Why we use Evidence Based, not Data Driven

Rod Jacka - Wednesday, July, 05, 2017

The adjective ‘data driven’ has become very popular in marketing circles in past years. A quick search in Wikipedia returns its definition as:

The adjective data-driven means that progress in an activity is compelled by data, rather than by intuition or personal experience. It is often labeled as business jargon for what scientists call evidence-based decision making.

Whilst this statement takes a less than flattering poke at those who use the phrase data driven, in my opinion the differences run far deeper.

At Panalysis we prefer to use the phrase “evidence based” for a number of reasons. Here are a few of them.

The Data Made Me Do It

Data driven implies that the data is in control.

Whilst surprising insights and efficiencies can and do emerge when data analysis techniques are used, ultimately humans need to make decisions based on the analysis of the data. Data is a means to an end and not the end itself.

Data driven also implies that we inhabit a deterministic universe. Laplace’s Demon has many well known arguments against a deterministic universe. The world and how human beings interact with it is simply way too complicated and far too erratic for predictions to be made purely on observed past data.

All Models are Wrong but Some are Useful

To use data you must create models and all models have some bias. George E. P. Box was a great statistician to whom the quote “All models are wrong but some are useful” is attributed. Whilst there is argument within the statistics community as to the level of how much this statement applies as a general approach, it accurately summarises the key issue.

If the model is useful it will help to increase the accuracy of prediction and reduce the error and waste from poorly targeted campaigns. Models are models and nothing more. As much as the world of machine learning is taking great leaps forward and the idea of artificial intelligence is making a huge resurgence in marketing right now, they are still just models. Regardless of the complexity of the model, inputs predict outcomes. Yes they do offer high levels of efficiency compared to alternatives, but we need to weigh the benefits and the costs against the outcomes.

A strong analogy can be seen in the concept that the map is not the territory Whilst the map is potentially a good representation of the territory and can be used to predict outcomes it will contain errors that reduce its overall accuracy. For the map to be completely accurate it would need to be at a 1:1 scale which Lewis Caroll humorously portrayed in Sylvie and Bruno Concluded, where the map was at a scale of a mile to a mile and due to how impractical the map was at this scale as it stopped the sunlight, the characters realised that the country itself made for the best map.

You Need the Data!

Unless you have the data you can’t include it in your model. It is quite simply not possible to gather all of the data that you will need to create the perfect model. Even if you could get all of the data as mentioned above, we don’t live in a deterministic universe. A quick look at Chaos theory will give you a small glimpse into the key issues; one small error in the data collected or the missing data makes a huge difference in the outcome.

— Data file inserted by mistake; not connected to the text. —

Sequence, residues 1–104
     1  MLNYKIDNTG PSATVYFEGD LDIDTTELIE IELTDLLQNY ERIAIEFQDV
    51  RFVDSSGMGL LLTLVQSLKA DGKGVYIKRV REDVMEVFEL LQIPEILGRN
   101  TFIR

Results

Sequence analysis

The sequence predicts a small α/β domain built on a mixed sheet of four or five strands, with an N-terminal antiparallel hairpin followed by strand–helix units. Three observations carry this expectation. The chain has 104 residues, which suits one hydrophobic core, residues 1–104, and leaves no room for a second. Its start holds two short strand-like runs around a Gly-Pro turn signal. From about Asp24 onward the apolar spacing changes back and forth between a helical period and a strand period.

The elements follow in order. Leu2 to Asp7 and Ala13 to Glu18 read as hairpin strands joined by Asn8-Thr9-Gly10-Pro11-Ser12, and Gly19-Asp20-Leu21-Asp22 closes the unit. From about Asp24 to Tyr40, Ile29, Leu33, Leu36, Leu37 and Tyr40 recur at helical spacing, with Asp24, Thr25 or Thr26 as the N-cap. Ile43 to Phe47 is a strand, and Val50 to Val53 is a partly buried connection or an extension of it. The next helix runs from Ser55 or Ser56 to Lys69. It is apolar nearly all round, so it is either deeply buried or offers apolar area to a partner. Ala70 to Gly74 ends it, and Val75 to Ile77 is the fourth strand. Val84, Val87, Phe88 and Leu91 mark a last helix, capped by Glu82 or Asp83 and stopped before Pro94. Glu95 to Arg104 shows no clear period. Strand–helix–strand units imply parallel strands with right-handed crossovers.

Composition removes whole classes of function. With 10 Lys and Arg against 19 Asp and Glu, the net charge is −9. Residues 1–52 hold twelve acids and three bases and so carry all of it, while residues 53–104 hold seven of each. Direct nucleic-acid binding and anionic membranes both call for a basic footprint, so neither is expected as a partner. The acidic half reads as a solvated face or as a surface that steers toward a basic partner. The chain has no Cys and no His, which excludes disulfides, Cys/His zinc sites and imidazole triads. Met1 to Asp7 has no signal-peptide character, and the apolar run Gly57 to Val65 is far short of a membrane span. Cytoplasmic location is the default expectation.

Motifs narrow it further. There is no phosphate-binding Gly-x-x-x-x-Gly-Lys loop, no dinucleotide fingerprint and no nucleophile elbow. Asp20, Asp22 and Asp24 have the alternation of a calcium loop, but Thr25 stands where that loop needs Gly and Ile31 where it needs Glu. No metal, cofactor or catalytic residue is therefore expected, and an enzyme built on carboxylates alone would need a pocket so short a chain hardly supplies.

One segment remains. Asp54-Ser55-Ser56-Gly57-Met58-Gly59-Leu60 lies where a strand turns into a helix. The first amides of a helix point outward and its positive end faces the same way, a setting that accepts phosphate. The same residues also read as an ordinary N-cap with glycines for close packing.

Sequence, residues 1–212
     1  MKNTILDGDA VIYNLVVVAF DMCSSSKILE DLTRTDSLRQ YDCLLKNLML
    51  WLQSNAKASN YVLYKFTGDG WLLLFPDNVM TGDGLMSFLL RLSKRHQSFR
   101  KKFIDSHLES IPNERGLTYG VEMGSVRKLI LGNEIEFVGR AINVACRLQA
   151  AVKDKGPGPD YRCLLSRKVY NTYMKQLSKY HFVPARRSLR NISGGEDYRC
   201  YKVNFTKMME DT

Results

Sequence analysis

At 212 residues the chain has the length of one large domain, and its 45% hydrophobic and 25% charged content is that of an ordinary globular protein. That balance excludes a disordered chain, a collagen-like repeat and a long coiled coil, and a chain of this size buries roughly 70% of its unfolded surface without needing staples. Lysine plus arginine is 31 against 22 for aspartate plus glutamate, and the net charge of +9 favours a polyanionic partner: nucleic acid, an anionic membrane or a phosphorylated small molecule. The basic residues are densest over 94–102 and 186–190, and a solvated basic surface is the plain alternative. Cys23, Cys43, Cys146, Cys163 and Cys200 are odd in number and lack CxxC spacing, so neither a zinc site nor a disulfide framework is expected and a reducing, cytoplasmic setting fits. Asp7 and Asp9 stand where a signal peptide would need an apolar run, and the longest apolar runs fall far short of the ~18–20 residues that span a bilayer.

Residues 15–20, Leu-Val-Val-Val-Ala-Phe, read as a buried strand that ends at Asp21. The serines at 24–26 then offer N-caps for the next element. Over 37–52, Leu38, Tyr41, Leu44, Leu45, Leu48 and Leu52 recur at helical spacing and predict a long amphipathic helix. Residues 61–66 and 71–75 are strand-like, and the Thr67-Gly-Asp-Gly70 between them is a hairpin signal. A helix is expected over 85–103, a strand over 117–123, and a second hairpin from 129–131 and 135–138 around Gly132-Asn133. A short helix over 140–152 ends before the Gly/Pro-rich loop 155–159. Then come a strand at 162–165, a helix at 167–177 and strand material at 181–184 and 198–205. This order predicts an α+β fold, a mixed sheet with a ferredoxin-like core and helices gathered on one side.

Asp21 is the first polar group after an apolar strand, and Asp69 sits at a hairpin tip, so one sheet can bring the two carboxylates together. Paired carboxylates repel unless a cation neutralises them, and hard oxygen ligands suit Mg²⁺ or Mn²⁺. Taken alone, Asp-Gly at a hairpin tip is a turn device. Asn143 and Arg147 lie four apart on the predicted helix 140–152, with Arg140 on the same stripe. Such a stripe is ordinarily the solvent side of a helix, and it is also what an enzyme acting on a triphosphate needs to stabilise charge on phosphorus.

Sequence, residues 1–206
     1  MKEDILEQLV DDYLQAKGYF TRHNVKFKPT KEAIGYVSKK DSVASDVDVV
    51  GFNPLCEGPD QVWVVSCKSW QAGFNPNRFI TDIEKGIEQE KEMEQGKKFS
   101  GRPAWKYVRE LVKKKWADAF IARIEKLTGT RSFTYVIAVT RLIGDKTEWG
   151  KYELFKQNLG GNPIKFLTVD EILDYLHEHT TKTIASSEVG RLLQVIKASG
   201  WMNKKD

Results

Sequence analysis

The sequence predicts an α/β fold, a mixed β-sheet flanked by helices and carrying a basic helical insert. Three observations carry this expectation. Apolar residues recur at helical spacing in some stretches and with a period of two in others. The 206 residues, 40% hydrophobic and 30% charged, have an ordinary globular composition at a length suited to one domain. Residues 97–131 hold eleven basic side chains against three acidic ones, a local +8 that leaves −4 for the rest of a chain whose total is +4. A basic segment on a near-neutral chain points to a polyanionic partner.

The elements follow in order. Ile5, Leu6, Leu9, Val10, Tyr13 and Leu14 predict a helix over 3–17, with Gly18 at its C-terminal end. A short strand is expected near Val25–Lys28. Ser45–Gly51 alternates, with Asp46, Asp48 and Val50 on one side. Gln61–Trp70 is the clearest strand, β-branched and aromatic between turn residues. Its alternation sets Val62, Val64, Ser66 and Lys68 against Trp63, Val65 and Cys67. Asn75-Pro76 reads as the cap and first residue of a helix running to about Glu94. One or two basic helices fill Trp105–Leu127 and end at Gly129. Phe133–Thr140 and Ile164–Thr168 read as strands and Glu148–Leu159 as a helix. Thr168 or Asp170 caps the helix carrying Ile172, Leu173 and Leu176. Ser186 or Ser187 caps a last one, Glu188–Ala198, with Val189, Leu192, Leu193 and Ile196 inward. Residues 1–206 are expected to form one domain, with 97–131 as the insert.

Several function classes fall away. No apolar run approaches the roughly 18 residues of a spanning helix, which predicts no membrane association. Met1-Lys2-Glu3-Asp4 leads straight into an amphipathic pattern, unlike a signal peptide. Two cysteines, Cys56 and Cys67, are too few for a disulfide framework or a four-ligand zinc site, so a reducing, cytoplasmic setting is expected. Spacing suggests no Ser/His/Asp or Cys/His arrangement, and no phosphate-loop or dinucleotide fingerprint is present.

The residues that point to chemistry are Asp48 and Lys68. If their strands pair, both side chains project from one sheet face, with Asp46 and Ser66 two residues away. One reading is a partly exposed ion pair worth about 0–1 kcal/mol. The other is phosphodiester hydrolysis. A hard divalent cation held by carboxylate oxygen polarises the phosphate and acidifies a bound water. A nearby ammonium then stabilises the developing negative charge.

The Past Doesn’t Predict the Future

Regardless of how much and how well you have collected data it is about the past. You simply can’t collect data in the future. We can certainly use past data to understand what has worked and what hasn’t but the world is too complex for this to be a reliable indicator of the future.

Human Know How and Experience

No amount of data could have predicted the iPod. Whilst the cult of Steve Jobs runs deep, the creation of this device led to a number of innovations such as the iPhone and other smart phones. If we are to take a data driven approach to this we would have needed to make a prediction that the combination of small hard drives, the availability of miniaturisation of other electronic components and the increasing popularity of the digitisation of music would lead to to the iPod. The creation of the iPod took creativity, careful assessment of the potential for commercial opportunity and a leap of faith to make this happen.

The Case for the Evidence Based Approach

Ultimately the future can’t be known in advance. We can make predictions about what will happen and some of these will hold to be true but the vast majority will not be. For an excellent summary of this topic I strongly recommend Philip Tetlock’s book Superforecasting.

We use data to guide (rather than drive) our decisions and we incorporate the opinions of the customers we work with into our practice.

An evidence based approach:

  • Gathers data (in its broadest sense) and weighs this according to its credibility
  • Analyses and interprets this data
  • Creates hypotheses that can be tested
  • Designs experiments that are used to test these hypotheses
  • Accounts for our many cognitive biases
  • Runs these experiments and assesses the results
  • Documents what is learnt and then plans the next steps.

Our emphasis is on creating testable hypotheses from which our clients can learn what does and doesn’t work for their businesses.

Human Factors

For people to make decisions they need to comprehend the factors that will influence that decision. Complex models are less likely to be trusted and acted upon than more easily understood models. In our experience, using an iterative evidence based approach leads to greater long term success.

In closing, data can be considered evidence in decision making but it isn’t the only thing that should be considered.

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